Water district officials, farmers and environmentalists think it's just a matter of time before Gov. Brown declares a drought emergency.
Water rationing, fines for violations and help from federal officials with ways to save water will likely follow.
''It potentially brings more resources to the region," Bruce Reznik, Executive Director of the Planning and Conservation League, said. " It's almost like declaring an emergency. So we could potentially get some federal resources which would be great so we could invest in conservation and other measures to reduce water."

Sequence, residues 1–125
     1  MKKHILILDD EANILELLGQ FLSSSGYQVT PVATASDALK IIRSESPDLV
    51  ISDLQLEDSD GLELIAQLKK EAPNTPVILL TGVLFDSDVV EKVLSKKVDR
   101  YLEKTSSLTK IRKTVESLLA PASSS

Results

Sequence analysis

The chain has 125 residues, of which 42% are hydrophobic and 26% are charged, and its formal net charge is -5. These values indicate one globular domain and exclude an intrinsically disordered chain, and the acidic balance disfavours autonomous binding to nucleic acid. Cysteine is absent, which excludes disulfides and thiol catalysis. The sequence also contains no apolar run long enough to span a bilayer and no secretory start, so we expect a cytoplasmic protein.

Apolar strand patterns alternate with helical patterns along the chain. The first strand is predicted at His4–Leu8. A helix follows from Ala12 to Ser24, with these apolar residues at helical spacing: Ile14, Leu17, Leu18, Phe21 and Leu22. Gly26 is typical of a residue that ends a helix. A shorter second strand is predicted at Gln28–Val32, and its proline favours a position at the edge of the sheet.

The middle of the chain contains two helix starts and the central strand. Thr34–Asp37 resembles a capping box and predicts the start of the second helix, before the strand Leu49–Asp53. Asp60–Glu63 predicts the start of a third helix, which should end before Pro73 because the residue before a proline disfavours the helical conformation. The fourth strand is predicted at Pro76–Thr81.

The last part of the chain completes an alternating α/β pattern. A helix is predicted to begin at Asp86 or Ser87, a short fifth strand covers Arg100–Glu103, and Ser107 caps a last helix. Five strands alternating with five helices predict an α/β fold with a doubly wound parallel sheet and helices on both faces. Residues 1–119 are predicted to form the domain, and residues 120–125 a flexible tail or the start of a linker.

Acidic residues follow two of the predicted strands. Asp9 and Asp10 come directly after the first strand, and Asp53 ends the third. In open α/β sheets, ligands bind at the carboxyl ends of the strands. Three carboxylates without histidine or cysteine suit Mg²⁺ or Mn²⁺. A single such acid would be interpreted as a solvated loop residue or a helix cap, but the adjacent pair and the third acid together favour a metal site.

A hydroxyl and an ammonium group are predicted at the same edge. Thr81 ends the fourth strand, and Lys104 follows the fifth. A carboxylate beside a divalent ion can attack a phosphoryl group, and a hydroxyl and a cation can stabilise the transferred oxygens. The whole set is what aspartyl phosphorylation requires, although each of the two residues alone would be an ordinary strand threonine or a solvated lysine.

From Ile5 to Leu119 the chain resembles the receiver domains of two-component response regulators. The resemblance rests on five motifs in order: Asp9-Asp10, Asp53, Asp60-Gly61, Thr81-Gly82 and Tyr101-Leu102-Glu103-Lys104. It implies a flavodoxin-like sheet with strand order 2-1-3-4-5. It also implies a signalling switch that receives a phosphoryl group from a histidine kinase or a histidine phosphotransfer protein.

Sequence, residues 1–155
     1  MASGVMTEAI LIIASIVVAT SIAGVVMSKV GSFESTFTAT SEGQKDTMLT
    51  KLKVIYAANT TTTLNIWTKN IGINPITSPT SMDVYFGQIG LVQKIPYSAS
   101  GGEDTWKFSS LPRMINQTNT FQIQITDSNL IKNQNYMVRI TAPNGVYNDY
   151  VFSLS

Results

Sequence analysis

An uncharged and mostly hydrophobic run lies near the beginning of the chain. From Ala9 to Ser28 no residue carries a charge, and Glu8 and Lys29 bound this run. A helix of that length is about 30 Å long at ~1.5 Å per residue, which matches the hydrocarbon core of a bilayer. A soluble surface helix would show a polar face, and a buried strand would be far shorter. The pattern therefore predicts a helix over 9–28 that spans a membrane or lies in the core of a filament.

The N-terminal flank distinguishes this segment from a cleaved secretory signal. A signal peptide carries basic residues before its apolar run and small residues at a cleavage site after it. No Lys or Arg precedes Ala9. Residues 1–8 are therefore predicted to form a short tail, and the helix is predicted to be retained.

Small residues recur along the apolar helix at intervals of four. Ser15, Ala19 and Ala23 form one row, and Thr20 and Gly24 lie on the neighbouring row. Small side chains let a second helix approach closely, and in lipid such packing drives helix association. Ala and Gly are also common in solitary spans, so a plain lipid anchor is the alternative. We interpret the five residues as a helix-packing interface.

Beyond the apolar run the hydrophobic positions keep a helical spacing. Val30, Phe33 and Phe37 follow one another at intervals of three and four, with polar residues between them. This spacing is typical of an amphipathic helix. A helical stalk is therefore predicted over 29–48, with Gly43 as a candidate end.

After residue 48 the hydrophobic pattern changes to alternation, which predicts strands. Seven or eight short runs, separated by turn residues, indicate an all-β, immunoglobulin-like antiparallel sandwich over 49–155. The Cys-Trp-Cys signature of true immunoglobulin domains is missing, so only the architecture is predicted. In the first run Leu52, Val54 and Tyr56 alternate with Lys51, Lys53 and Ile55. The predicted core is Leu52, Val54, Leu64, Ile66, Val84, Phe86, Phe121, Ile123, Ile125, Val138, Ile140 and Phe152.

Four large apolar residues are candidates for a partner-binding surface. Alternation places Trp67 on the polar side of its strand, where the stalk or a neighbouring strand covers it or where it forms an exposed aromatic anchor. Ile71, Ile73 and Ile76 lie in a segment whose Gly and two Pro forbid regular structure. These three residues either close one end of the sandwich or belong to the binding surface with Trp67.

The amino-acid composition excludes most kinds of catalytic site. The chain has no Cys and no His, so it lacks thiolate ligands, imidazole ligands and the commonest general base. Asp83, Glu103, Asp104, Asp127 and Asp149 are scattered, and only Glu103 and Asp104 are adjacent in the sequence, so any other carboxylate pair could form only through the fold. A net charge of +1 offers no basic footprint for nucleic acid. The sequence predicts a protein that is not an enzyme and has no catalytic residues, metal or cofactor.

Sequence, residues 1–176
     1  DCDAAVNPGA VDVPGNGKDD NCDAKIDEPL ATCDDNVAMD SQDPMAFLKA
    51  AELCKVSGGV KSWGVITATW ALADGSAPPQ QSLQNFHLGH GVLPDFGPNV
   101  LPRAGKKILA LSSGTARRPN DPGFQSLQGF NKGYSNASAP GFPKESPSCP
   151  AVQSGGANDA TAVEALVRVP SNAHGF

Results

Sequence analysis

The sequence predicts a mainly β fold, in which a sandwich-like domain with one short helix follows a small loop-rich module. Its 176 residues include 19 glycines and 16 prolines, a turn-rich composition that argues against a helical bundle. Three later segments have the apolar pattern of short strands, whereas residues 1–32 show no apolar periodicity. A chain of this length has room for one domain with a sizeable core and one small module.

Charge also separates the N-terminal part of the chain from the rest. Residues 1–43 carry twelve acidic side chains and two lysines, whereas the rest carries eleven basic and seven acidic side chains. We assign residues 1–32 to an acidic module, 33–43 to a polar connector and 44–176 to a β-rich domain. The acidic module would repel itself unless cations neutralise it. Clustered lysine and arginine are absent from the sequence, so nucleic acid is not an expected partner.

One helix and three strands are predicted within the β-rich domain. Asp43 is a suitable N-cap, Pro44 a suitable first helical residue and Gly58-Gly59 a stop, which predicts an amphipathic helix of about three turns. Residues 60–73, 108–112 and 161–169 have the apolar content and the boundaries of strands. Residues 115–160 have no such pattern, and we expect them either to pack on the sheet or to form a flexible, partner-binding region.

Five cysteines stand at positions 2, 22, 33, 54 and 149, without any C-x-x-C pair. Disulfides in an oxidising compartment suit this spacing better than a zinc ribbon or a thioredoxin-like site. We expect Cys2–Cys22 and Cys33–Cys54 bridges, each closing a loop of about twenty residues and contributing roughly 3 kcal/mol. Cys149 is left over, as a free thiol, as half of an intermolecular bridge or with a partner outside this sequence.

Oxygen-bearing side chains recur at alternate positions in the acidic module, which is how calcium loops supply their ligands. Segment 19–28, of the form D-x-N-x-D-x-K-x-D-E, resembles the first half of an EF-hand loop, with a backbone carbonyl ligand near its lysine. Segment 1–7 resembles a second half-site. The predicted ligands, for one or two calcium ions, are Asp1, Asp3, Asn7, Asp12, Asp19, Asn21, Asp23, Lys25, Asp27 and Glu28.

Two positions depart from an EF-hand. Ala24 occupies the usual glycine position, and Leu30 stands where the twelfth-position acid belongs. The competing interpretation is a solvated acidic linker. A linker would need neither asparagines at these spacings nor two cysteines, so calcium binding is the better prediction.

In 1977, Brown, during his first gubernatorial term, called for 25 percent reduction in personal water use during the 1976-77 drought.
Reznik said, "It's possible they'll set some statewide standards, more often because there is so much local variation. It's really up to local cities, local water agencies. So you know, some might ban watering all together, some might allow it certain days per week, but you're going to have to hit certain metrics in moving forward."
In the 1991, after five years of drought conditions, Gov. Pete Wilson created a water bank that allowed Northern California farmers to sell water for use in arid parts of the state. This year, a drought declaration doesn't necessarily make money available for anyone suffering from the dry spell. But Reznik sees it as a wake-up call for Californians to start looking for ways to conserve water.